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Going to the Statehouse
The start of a new legislative session at the Indiana Statehouse is an intense time for Irwin and her coalition partners. There are at least three major agenda items they plan on promoting between now and next spring.
Their first goal is to try and take Complete Streets statewide. The Indiana Department of Transportation opposes the idea of making the Indianapolis ordinance applicable from Evansville to Gary, claiming other towns and cities are either already employing Complete Streets ideas or that it's simply not necessary. Irwin disagrees. "We have a number of examples from communities where not having a statewide Complete Streets policy has really detracted from projects that have been done."
She points to cases where state highways have been run through small towns in places that were never intended to handle heavy rates of traffic at higher speeds. Perhaps an even bigger issue is that, without Complete Streets, planners may not be encouraged to think holistically when it comes to solving infrastructure problems. "This stuff forces the powers-that-be, leadership, as well as day-to-day staff, to do things differently than they've been doing them for decades. It's not that there's a tremendous cost to that. Sometimes the projects end up being cheaper. It just requires thinking harder - and differently."
Irwin contends that Complete Streets-thinking tends to maximize the value of public infrastructure spending. Otherwise, she says, "We will invest millions of dollars in projects that don't meet the needs of the people who use them. People may not know a term like Complete Streets, but they know what their neighbors need."
Another goal for the 2013 legislative session is persuading lawmakers to allow citizens in Central Indiana to vote on whether or not we are willing to absorb a tax increase to pay for an improved public transit system.
Under the Indy Connect Now proposal, Marion and Hamilton counties would undertake a 10-year, $1.3 billion program to dramatically increase bus service and construct a light rail line between Noblesville and downtown. But before that can happen, citizens must express their willingness to accept a 0.3 percent increase to the local income tax through a referendum.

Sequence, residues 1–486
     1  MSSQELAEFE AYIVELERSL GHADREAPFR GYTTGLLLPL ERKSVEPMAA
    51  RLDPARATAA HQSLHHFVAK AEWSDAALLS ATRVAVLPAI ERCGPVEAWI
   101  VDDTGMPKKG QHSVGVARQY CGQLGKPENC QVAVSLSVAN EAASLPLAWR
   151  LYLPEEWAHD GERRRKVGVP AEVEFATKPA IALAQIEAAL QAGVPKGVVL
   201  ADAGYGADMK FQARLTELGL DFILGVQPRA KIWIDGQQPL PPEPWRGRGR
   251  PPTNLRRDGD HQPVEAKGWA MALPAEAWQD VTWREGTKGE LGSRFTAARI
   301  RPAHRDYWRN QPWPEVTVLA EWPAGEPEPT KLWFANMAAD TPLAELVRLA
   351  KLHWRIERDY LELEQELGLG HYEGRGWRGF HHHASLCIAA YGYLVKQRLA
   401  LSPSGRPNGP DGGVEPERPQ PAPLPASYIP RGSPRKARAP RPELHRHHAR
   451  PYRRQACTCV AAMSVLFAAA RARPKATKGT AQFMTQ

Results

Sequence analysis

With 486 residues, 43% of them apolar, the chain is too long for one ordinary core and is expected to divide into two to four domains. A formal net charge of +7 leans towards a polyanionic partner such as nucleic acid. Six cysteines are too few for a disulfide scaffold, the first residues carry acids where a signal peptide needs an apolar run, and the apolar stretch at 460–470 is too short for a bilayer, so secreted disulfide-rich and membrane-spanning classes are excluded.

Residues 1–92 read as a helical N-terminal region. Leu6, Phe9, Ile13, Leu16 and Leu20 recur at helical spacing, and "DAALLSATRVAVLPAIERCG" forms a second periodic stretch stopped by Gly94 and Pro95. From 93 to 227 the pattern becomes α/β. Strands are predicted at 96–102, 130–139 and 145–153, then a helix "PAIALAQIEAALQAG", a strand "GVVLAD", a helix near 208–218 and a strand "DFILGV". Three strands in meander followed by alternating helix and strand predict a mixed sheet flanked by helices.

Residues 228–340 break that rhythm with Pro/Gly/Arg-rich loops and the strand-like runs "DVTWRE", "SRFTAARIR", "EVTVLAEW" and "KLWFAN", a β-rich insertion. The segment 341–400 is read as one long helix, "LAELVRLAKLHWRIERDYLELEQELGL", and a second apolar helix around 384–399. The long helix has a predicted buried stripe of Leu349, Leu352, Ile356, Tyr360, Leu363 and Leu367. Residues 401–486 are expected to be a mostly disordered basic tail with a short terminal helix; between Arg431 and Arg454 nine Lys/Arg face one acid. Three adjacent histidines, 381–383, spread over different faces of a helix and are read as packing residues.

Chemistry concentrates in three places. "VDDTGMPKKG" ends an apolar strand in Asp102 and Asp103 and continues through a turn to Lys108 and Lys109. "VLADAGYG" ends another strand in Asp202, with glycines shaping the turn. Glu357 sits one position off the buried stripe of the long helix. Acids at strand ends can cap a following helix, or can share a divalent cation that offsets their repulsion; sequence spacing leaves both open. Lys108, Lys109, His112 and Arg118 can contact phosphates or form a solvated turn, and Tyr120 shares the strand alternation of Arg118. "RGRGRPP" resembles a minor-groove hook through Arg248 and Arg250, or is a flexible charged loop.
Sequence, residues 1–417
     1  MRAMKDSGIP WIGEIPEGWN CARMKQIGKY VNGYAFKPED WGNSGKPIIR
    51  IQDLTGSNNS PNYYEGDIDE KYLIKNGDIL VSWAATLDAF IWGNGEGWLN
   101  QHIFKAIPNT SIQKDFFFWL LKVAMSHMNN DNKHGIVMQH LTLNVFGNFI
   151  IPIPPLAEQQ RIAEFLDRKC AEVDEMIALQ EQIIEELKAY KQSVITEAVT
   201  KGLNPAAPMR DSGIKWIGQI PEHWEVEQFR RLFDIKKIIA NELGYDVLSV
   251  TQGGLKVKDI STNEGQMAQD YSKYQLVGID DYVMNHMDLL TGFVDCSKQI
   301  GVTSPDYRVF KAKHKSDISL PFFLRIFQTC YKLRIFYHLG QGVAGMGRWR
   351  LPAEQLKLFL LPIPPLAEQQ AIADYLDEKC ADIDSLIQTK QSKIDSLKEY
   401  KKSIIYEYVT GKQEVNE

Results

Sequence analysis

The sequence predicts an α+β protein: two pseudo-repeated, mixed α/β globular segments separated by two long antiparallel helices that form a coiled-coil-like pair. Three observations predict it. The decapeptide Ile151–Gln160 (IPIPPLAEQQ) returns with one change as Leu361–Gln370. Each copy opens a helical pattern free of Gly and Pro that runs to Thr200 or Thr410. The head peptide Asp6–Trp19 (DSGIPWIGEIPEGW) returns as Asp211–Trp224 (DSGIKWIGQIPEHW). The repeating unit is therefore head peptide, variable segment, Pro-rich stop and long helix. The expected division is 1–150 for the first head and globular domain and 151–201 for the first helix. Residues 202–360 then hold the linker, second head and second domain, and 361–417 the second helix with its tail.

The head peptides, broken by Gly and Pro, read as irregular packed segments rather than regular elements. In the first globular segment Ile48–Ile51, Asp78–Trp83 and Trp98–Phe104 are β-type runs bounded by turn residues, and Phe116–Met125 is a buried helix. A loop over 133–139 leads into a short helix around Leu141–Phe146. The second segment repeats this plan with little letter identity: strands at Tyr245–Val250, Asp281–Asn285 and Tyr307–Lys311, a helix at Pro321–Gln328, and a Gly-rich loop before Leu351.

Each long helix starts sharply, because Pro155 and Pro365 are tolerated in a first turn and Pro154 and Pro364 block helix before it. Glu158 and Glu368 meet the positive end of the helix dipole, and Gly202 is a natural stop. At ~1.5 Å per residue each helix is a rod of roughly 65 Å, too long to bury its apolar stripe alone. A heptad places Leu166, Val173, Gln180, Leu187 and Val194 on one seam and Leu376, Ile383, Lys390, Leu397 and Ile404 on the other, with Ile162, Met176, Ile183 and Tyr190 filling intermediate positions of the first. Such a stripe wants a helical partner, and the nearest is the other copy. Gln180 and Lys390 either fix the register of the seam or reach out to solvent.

Holding such a referendum drew widespread support in the community, with Indianapolis Mayor Greg Ballard and the Central Indiana Corporate Partnership getting on board. But, last January, members of the Indiana House Ways and Means Committee torpedoed the idea.
Bringing the idea of a tax increase before the voters is crucial if the Indianapolis metro area is to ever have an up-to-date transit system. Irwin sees the issue as one of local control, whether or not the people in our community will be permitted to vote yes or no on an issue that affects us directly. She is "cautiously optimistic" about the referendum's chances this time around.
"No other transportation project in the state has withstood the scrutiny and analysis and the level of scenario planning and detailed economic forecasting that this has. At a certain point, the objections don't make sense any more."
Irwin recognizes that asking people to call or email their state legislators isn't that sexy. In this case, though, she says it is the most important thing anyone who wants to vote on transit in Central Indiana can do. The people, she believes, are ahead of their legislators on this issue. It is vital you let your state rep or senator know how you feel. Last but not least, Irwin and the Health by Design coalition are hoping to right what they see as a legislative wrong perpetrated in the 2011 session.
For 30 years, the budgets of Indiana's 65 regional transit agencies were linked to the state's sales tax. But in 2011, the state legislature decoupled transit funding from the sales tax, creating what Irwin calls "a huge policy change with profound implications." The decoupling has meant that transit now has to fight with every other funding demand for its own line item in the state budget. Now, says Irwin, it is not only important to battle to keep the amount of transit's funding intact, but to recouple transit to its previous percentage of the sales tax.
Dealing with public health in Indiana can feel like an uphill climb. A recent study by the United Health Foundation ranked the Hoosier state 41st in the nation, citing our persistently high smoking and obesity rates, lack of exercise and lack of funding for public health. We spend $44 per person, placing Indiana 47th in the country. Irwin, however, seems energized by the challenge.
In part, her optimism comes from the coalition represented by Health by Design. "It's like having 200 colleagues!"
But Irwin draws her greatest inspiration from her fellow citizens. "I've heard the real stories. I've talked to the people who can't get to work because they don't have a good transportation option. I like to think - or I hope - that I'm always trying to communicate their perspective.
"It makes it personal."
To learn more about Health by Design, go to firstname.lastname@example.org, or call 317-352-3844.
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